It happens like this only in the movies.
We’ve been reading The Social Animal: The Hidden Sources of Love, Character, and Achievementl by David Brooks over at The High Calling. Brooks uses the fictional characters of Harold and Erica to illustrate a wide array of sociological, psychological and biological studies all pointing to our “social-ness” as one of the most critical factors, if not the most critical factor, in what makes us human and how we develop and live. Last week, Erica was on the brink of leading an insurrection at her employer Intercom, which bore a resemblance to the now-defunct Enron.
The insurrection happens, but it’s a movie script, not what most of us have ever seen happen in the workplace.
For months, Erica works with a number of her co-workers who all believe the top executives are taking the company down the drain. (And there’s no question about this; that’s exactly what they’re doing.) They look for an opportunity to present their recommendations, and it comes when the company holds a live webcast for investors, analysts and the board of directors. Erica and one of her “co-conspirators,” Raymond, are able to speak for 15 minutes. Heads nod but nothing happens, or at least happens immediately.
Within a few months, however, the company’s downward spiral worsens, the board acts, names Raymond as CEO, and the turnaround begins. Several years later, Raymond retires, and another CEO continues the rebuilding. Eventually, Erica is named CEO, and becomes something of a minor business celebrity.
Where the story went awry for me was the live webcast. There is not a public company anywhere in the world that would allow that kind of webcast, especially one involving investors, analysts and the board. These kinds of events are heavily scripted, with a kind of standard liturgy. The only relatively unscripted part is the questions and answers – you never really know what an analyst might ask but you can usually make a pretty good guess. Employees would not be allowed to speak.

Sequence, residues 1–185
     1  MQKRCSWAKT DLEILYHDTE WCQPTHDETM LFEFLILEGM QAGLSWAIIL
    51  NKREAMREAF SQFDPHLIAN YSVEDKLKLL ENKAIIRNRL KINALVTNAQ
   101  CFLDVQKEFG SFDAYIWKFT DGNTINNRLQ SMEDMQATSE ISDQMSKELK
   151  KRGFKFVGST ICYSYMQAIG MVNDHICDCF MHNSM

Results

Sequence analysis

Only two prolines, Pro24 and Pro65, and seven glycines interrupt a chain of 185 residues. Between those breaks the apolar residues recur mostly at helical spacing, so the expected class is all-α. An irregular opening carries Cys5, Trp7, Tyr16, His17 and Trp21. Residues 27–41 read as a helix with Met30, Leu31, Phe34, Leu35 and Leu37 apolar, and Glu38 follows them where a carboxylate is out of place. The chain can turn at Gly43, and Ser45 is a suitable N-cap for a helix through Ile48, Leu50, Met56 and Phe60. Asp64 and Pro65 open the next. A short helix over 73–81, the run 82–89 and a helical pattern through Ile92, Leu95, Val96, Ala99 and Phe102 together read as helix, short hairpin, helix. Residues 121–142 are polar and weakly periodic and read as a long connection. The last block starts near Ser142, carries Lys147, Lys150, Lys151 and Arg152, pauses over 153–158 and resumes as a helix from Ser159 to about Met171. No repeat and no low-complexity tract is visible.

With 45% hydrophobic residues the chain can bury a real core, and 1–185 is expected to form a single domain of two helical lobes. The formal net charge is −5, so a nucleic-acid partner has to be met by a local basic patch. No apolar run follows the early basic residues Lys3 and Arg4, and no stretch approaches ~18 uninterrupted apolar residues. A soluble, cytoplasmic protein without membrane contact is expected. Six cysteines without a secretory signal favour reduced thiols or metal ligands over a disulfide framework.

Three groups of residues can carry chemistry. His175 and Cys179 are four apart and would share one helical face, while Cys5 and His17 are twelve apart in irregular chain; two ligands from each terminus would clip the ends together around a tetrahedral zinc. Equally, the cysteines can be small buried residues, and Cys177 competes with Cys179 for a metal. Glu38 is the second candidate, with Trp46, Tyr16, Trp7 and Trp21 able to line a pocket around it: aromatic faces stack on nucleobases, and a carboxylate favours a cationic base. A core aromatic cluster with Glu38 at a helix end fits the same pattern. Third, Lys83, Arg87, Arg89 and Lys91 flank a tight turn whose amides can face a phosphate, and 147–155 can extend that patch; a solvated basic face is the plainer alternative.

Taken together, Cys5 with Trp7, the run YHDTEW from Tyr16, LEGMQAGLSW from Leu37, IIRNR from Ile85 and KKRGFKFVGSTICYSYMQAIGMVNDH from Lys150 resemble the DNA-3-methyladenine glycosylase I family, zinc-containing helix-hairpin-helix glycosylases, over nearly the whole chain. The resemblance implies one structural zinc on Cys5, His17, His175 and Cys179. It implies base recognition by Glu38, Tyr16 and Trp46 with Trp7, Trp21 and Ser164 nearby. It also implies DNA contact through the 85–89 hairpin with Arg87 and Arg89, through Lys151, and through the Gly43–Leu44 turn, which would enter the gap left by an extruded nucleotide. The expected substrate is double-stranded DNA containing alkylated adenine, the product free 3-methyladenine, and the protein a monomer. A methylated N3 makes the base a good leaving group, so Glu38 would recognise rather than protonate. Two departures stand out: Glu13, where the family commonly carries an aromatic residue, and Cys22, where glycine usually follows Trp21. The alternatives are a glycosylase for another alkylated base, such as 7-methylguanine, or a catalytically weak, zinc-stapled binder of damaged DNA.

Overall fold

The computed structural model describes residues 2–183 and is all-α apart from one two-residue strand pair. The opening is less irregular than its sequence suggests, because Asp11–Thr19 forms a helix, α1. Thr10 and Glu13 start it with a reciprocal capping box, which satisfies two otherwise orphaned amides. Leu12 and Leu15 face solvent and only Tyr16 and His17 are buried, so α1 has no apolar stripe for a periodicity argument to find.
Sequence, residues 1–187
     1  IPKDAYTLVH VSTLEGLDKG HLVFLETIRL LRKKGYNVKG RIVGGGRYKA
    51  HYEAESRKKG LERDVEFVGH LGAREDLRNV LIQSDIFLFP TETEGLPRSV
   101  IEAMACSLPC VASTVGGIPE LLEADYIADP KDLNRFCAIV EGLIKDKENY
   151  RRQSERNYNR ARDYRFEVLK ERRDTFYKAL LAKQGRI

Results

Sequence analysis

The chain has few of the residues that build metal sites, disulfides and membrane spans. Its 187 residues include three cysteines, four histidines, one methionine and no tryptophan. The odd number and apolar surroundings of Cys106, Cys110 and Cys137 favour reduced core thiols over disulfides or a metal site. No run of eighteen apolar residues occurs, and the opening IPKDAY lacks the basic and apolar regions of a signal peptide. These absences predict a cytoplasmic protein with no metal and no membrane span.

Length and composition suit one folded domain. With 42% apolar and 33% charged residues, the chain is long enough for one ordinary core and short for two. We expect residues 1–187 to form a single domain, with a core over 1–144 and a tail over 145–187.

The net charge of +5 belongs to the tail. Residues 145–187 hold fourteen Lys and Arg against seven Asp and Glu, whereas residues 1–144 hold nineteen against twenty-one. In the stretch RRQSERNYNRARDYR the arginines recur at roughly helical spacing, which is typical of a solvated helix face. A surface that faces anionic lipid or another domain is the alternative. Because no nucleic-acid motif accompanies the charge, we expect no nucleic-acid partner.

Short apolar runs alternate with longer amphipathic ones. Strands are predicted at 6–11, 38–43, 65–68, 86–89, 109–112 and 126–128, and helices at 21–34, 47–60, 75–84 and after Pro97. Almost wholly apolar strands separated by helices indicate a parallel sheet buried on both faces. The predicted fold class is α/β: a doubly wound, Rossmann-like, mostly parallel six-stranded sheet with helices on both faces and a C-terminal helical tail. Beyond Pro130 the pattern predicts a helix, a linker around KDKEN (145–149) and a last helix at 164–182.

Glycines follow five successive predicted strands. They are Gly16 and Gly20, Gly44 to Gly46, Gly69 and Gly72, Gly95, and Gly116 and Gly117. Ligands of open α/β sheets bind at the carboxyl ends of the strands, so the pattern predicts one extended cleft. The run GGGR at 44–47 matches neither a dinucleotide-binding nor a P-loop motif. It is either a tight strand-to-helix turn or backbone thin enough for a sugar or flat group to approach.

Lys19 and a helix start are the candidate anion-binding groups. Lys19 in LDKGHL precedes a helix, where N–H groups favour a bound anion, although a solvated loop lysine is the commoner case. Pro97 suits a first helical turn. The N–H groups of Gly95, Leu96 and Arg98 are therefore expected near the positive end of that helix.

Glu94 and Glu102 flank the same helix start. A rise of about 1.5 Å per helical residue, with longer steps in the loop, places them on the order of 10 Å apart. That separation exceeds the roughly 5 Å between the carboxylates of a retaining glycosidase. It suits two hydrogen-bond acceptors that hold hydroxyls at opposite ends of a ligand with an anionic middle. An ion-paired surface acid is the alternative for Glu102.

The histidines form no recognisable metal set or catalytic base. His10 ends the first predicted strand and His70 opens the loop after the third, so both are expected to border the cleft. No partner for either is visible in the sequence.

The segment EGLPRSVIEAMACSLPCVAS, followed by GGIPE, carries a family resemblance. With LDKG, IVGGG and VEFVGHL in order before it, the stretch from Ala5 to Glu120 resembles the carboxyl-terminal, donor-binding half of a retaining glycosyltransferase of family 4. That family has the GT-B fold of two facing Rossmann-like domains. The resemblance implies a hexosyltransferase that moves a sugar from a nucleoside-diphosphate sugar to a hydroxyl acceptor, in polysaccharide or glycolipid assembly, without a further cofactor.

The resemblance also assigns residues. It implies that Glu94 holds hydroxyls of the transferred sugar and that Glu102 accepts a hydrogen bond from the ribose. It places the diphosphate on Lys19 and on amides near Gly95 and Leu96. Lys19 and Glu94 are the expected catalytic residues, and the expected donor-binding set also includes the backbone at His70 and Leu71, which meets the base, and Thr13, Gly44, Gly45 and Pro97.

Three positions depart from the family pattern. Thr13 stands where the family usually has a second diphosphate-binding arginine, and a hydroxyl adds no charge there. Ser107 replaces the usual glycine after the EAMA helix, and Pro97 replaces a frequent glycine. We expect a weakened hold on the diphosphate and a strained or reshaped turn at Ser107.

It might be different at an employee event, like an internal town hall. But the board would rarely have an opportunity to attend one.
If such a live meeting as Brooks describes would occur, a more likely outcome would be that Raymond would find himself packaged out via early retirement and Erica would be marginalized (or find herself eventually looking for another job, voluntarily or involuntarily).
When significant change comes for an organization, it usually comes in the form of an external crisis. Think BP’s change of leadership in the aftermath of the Gulf Oil spill, or the near-collapse of General Motors and Chrysler (and I’m not going to argue the merits or demerits of the government bailout). Employees question executive leadership all the time, and often rightfully so, but corporations and other entities (including a lot of charitable and non-governmental organizations) are not democracies. When leadership makes bad decisions, it usually takes time and the revolt of external constituencies to make change happen. Leadership often doesn’t realize that the decisions are bad ones, and there’s a certain defensiveness about having one’s authority questioned.
But it would make a fun movie script.
To read more posts about the three chapters in The Social Animal being discussed this week – The Insurgency, Getting Older, and Morality – please visit The High Calling, where Laura Boggess is leading our discussion.